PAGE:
What is revenue forecasting?
Revenue forecasting is essentially creating an estimation of a company's profits and growth based on the information on the business you already have, as well as the historical data.
In other words, revenue forecasting allows you to predict critical financial metrics, such as margin, profitability, spendings, and more. It can also act as a base for sales forecasts.
Why is revenue forecasting important?
Alright, the definition of revenue forecasting was fairly simple - but why do we want to discuss it in the first place?
The answer to this question should be of particular interest for financial managers. Naturally, revenue forecasts, sales forecasts and growth rates are of great interest today. But why should they pay particular attention to revenue forecasting?
That’s because they can use it to:
- monitor the overall performance of the business and its scalability,
- predict the future expansion of the company,
- make decisions based on data-based estimations, not just wild guesses,
- optimize the profits in future periods,
- set realistic goals for teams, projects and departments,
- plan how to expand and invest in the business in new markets.
All of the points above provide the company with a significant competitive advantage - the one you can use to impress your customers even more. Apart from that, such in-depth analysis can also improve growth rate and future revenue - a great news for any sales team!
How to do revenue forecasting?
Revenue forecasting brings about numerous benefits. However, to enjoy them, you need to complete the forecasting process for a given time period. Let’s see what’s hidden in it for a typical service company.
1. Choose the right tool for the job.
You have to start with basics - and you don’t want to start an endless Excel sheet with revenue forecast you cannot really understand. That’s why you need a project accounting tool to help you.
Keep in mind that not all project portfolio management tools include finances in their scope of features. In fact, many of them focus only on resource management or time tracking. However, a typical project-focus business needs more to create an accurate resource forecast and make forecasted revenue as accurate as possible.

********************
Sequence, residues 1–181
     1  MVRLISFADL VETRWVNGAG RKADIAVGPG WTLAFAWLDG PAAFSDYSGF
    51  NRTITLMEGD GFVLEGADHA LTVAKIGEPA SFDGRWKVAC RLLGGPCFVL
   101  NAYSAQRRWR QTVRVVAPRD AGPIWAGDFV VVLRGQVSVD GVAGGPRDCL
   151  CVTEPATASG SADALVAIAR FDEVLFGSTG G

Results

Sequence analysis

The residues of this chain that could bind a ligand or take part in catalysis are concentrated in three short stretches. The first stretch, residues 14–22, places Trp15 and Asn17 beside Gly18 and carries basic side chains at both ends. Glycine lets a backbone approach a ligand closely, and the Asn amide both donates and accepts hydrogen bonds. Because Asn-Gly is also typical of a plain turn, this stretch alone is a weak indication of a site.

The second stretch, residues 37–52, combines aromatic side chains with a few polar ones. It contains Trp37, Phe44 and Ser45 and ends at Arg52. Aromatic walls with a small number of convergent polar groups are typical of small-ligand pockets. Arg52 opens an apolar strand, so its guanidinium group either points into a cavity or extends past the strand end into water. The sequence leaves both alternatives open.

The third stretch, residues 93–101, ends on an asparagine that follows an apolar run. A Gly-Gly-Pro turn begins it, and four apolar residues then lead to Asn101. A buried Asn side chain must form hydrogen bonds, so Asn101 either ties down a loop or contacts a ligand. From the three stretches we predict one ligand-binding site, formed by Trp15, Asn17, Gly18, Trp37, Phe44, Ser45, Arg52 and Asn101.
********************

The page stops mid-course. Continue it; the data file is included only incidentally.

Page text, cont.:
How to choose the tool for revenue projections?
To ensure the accuracy of the estimates and revenue projections, your tool needs to have:
- built-in project budgeting module, with predicted and real costs and incomes,
- extensive module for employee’s wages, with various types of contracts (i.e. regular employee, contractor, etc.),
- different types of billing methods for projects (i.e. time and material projects, fixed price projects, maintenance projects),
- comprehensive accounting module with settlements,
- various project reports for finances, as well as finances combined with tracked hours and progress.
Only these features combined can provide you with all the details you need to create an accurate revenue forecast, sales forecast or revenue growth prediction.
If you are interested in finding all of these features right away, look no further and start a trial with Primetric.
2. Add all the projects to the equation.
A typical service company has numerous endeavors it has to consider while budgeting. Now it’s the time to use them to forecast revenue, too.
What information should be included in estimates?
At this stage of the revenue forecasting process, you need to gather the information on all the sources of incomes and costs in the company. That includes:
- billable and non-billable projects,
- costs of different types of employment,
- company overheads (i.e. costs of recruitment, equipment, technologies, offices, etc.),
- the costs of support departments,
- planned purchases and investments,
- total revenue from previous time period.
If you had done a good job in the previous step, your project expense tracker should have a feature that allows you to specify all the costs any project manager can think of.
Here’s how it looks like in Primetric:
3. Choose the right resource forecasting method
When you gathered all the data on your company’s current endeavors, you now need to take a sneak peek at their future. At this point, there are 2 resource forecasting methods that can help you do that.
Revenue forecasting methods: bottom-up planning
Using this resource forecasting method, you focus on the customers, sales forecasts and predicted growth rate.
At this stage of revenue forecasting, you analyze the projects that are currently running, all the prospective operations that are already in the pipeline, and combine them to see an approximate total revenue. This allows you to see what activities in your company generate profits at the time being.
Then, combine the data with your target statistics for the next time period and historical data. Calculate the growth rate and use them as a reference for your estimation. With this value, you can create an approximate revenue forecast for the next period.
If you have any doubts on how to do that, use our guide to creating cost estimation in project portfolio management. It's perfect for both financial managers and the sales team!
Revenue forecasting methods: top-down planning
The second resource forecasting method is a top-down planning.
In this method, you start by focusing on your company’s environment, not on the company itself.